It was a busy ham radio weekend at KB6NU/WA2HOM.
Saturday, I didn’t get down to the museum until after noon. As usual, I went scouting around for special event stations. I bagged three of them:
- K2G (Babylon, NY). K2G was taking part in the commemoration of the 70th anniversary of Coast Guard Auxiliary. According to the ARRL website, there were at least a dozen on the air, but I only worked this one and heard another in PA. A number of them were supposed to be operating CW, but I didn’t hear any of them.
- W3S (somewhere in MD). This station was operating from a Boy Scout camp. I didn’t get its exact location as they were kind of weak.
- WB8REI (Tiffin, OH). This was a Halloween operation of the Seneca County Amateur Radio Experimenters (SCARE). The certificate will look nice next to our QSL card from N0F (Frankenstein, MO), a station we worked last Halloween.
I was hoping to work N1P, Number One Pumpkin, the special event station at the Franklin County Pumpkin Festival, but I guess the skip was too short.
Saturday night, I prepared for the hamfest this morning. Several hams in the area have donated equipment and other stuff for us to sell to help finance our operations at the Hands-On Museum. I was going through the stuff when I found a Bunnel #9 key (see below).
This is a very cool key. I don’t think it’s worth all that much—many thousands were made during WWII by several different manufacturers—but it does have a nice action, and I like it. Unfortunately, it’s missing the knob. Anyone know where I can get a knob for this key? After playing with the key for a while, I packed up all the stuff I was taking in the morning, and loaded up my Freestyle.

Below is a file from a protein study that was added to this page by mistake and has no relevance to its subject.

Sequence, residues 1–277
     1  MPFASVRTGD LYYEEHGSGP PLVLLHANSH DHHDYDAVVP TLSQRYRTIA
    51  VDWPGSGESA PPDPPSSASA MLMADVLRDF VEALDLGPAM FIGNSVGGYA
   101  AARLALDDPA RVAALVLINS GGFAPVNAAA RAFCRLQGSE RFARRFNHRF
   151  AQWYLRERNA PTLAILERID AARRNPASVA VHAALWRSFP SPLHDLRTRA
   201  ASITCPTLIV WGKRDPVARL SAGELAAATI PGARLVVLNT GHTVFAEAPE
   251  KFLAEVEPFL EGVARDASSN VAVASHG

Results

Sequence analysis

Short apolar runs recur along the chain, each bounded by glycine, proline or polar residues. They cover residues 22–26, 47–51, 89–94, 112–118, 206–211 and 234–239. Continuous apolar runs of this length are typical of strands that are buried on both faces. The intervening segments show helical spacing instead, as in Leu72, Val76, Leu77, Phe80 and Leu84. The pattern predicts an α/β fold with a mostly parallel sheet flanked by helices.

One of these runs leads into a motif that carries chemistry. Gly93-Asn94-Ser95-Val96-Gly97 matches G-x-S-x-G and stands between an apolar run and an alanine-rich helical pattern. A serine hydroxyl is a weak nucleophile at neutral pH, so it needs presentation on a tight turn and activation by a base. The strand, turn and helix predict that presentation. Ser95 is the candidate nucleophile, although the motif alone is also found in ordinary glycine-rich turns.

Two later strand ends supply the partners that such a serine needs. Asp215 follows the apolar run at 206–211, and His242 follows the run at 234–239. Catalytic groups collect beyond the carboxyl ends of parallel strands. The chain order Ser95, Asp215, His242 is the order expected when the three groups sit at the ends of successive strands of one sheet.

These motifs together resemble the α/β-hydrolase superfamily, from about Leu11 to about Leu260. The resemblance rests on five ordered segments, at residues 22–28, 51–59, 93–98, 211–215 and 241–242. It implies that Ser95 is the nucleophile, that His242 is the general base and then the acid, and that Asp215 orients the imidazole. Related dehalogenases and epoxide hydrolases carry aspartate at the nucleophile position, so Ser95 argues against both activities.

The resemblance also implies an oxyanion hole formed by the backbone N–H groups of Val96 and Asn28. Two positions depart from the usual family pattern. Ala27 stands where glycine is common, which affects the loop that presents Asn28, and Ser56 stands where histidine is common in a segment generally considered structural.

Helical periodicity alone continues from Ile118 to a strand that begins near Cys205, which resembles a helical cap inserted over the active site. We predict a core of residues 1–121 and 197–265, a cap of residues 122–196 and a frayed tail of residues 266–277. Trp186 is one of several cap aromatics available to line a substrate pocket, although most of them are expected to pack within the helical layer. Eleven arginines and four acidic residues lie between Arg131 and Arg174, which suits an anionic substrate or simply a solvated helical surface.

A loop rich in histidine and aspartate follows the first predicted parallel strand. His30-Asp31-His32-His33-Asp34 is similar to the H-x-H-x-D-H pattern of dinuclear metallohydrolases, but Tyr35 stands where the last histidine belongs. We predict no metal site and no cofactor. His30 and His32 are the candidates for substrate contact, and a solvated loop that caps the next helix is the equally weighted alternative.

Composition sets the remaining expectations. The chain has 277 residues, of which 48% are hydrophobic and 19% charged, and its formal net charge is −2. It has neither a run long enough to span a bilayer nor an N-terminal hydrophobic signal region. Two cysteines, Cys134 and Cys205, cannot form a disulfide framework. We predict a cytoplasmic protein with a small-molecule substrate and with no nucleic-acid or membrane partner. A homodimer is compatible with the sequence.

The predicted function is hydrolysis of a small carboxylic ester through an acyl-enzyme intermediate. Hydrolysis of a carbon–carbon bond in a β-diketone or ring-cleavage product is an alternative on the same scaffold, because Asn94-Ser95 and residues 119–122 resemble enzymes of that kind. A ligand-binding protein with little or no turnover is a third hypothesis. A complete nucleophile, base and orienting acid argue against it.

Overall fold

Sunday morning, I got up at 5:30am. I ate breakfast, showered, and hopped in the car at about 6:30. I had to drive about an hour to get to the hamfest, and I wanted to get there with plenty of time because I never got a confirmation that the organizers had received my check, and I wanted to get that all straightened out—if it needed straightening—before the hamfest started. Fortunately, there was no problem, and I got set up quickly.
The TS-820 station (including antenna tuner, bandscope display, speaker, etc.) went very quickly. I was asking $600 for it. Around 8:20 am, a guy came over and offered me $500 for it, and when I turned down that offer, $550. I decided to take that. He counted out 28 $20 bills and told me to keep the change.
Jim, K8ELR, had given me a box of 12 rolls of leadless solder to sell to the EAE Sales guy. He said that he would only buy five or six rolls at $7-8/roll, but to get with him later as he was still setting up. I did go over there later and offered him the whole box for $40, which he accepted. (I hope that was OK, Jim!)
I sold about $200 worth of books. In fact, I’m almost down to a single box of them. I’ll be a little sad when they’re all gone. I might have to start looking for electronics books or buying books from Ann Arbor library sale to re-sell at hamfests.
I packed up about 10:30, then cruised the aisles a little. Didn’t see anything I wanted, so I hopped into the car and got back by noon. That ended my weekend in ham radio. I ate a little lunch, took a nap, and then my XYL and I went to a movie.